Five Lessons From Five Years

By mehera o'brien on August 16, 2010

Last Friday evening, as the DJ began to play and the liquor poured freely on the roof terrace, I composed a farewell letter to my dear colleagues at AKQA New York. For those of you that don't know me personally, or haven't heard the news yet, I left the company after nearly five years of amazing people, projects, stories, stress, zaniness and general mayhem. It's bittersweet. I'm terribly excited for the future, but I'm terribly sad and already having withdrawal from all the cool folks.

In my letter, I offered five lessons. One for each year of service. I thought I'd share a (public-facing) version:

Lesson One: Take a leap of faith every once in awhile
I moved to Holland on a whim and talked my way into a job in creative, and in digital. I didn't speak Dutch and I wasn't sure when I left the States if I'd ever get a visa. But it worked out great. Then I moved to New York 5 years ago because Lars Bastholm (former AKQA Co-Chief Creative Officer) charmed me into it. I didn't ask critical questions about budgets, client pipeline and all the other stuff that would have scared me out of saying yes. I just did it. Maybe not the smartest idea, but it also worked out great. So, every once in awhile, just take a leap of faith.

Lesson Two: Own thy craft
Make smart things. Make pretty things. Make things that aren't one of these, but both. Remember to think with your head, not your mouse. When I get stuck, I find going back to analogue basics (pen+paper) serves up brilliant digital ideas.

Lesson Three: Trust your gut
I always wanted a film project. Not a green-screen film project, but a film project. Then I got one and freaked out. My Account Director (and dear friend) wouldn't let me pass the project to someone else. My Producer, who had a lot of film experience, didn't agree with me on key issues. Like the Cinematographer. And the Editor. I felt conflicted, but chose in the end to listen to my gut and trust my creative instinct. The work turned out beautifully (it turned out to be absolutely the right cinematographer and editor, both of whom are now friends of mine), and was personally very rewarding. Remember to always listen to the ideas of others, but also remember to have an opinion of your own. Be able to articulate it. Your managers and peers will respect you for it, even if you don't win the debate.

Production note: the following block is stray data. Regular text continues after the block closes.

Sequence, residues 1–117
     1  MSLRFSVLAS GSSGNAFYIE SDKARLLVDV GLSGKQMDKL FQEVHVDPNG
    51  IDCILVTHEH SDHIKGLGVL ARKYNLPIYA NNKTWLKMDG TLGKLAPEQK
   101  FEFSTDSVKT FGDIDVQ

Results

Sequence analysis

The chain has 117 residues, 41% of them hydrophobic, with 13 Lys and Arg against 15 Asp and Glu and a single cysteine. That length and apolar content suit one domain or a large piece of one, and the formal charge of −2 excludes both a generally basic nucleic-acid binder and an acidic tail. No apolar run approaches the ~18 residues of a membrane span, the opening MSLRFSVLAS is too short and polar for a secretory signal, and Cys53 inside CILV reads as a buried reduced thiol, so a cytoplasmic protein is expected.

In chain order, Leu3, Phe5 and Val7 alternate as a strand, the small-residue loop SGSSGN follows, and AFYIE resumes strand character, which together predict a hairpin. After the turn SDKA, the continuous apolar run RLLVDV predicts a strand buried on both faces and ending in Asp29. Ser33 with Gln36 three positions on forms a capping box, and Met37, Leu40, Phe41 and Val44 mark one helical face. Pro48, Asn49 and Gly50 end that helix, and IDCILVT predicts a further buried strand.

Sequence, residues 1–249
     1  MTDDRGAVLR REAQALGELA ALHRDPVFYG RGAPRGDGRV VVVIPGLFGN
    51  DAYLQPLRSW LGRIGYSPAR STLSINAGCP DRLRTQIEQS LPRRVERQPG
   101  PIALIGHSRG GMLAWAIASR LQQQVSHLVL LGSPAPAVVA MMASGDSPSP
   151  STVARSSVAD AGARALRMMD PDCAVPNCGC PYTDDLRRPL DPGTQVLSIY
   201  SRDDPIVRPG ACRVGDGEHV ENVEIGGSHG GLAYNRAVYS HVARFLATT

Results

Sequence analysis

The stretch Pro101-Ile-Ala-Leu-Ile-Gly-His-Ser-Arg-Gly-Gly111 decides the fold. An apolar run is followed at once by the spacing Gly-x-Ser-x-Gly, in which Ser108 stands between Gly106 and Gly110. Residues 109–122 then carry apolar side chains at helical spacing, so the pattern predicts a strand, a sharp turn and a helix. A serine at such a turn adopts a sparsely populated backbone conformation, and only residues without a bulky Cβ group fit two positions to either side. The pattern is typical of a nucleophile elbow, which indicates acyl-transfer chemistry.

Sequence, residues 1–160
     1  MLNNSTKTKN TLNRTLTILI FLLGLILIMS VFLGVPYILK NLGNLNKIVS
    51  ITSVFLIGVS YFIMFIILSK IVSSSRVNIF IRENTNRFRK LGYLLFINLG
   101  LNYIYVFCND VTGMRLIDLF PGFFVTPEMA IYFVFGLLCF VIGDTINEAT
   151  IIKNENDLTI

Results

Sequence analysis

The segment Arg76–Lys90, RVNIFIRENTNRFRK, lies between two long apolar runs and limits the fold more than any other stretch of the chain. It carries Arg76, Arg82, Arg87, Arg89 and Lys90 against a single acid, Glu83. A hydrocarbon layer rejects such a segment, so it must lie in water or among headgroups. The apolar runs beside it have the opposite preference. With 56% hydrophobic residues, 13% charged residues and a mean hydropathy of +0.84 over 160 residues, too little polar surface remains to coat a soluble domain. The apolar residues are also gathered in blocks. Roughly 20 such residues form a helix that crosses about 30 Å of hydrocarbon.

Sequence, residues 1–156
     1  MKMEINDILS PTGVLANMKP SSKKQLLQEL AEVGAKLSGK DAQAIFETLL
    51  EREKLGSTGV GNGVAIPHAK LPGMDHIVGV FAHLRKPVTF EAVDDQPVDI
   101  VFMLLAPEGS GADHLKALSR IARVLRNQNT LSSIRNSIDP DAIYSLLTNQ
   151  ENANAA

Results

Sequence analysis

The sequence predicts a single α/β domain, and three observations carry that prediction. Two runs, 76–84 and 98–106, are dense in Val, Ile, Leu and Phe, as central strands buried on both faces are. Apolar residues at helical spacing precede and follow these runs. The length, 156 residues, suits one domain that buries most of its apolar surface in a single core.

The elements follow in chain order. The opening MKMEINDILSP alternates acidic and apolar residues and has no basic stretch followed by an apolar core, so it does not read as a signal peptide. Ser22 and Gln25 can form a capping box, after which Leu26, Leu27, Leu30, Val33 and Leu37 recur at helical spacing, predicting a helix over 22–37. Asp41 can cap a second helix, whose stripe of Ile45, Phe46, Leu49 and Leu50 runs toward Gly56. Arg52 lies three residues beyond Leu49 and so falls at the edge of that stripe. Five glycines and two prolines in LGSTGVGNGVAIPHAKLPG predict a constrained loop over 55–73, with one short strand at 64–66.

Lesson Four: Sometimes being right doesn't matter (and sometimes being wrong is actually more interesting)
Just take my word for it on this one.

Lesson Five: A corkscrew makes a great leather hole punch
Huh? I had a leather sandal on the other week and the strap was too loose. To tighten it, I needed to punch a new hole. The guy that sits next to me heard me lamenting and followed me to the kitchen to help. As I picked up a knife to do surgery on my shoe, he offered me a novel, alternative tool – a corkscrew. We easily fixed the shoe. This is an obtuse way of saying – collaboration is the key to this game. Partner with people who think of things you don't. Who make you stronger. Who make you better.

And enjoy it.


Making Better Use of Cars

By Catherine Nygaard on August 13, 2010


It's not directly making the world a greener place, but at least they're hooking us up with some wi-fi. Audi plans to turn their cars into mobile wifi hotspots. (via the lovely, Matt Jones, from Berg).


The rise of the user experience design sector

By Cecilia Brenner on August 12, 2010

Last week, the Guardian Careers hosted a live Q&A on the topic "The rise of the user experience design sector". Whether you are an experienced user experience designer or someone just setting out it might be an interesting read.


Introducing Amee

By mehera o'brien on August 09, 2010

I mentioned Amee when I posted about the last SheSays New York event, hosted at Wieden + Kennedy recently. I'd briefly met Amee at the CaT conference and was excited to hear her speak. So excited, in fact, that when she casually joked that people told her she should write a blog about her experiences on sabbatical at Big Spaceship, Google and (coming soon) North Kingdom, I piped up that she could write for ours.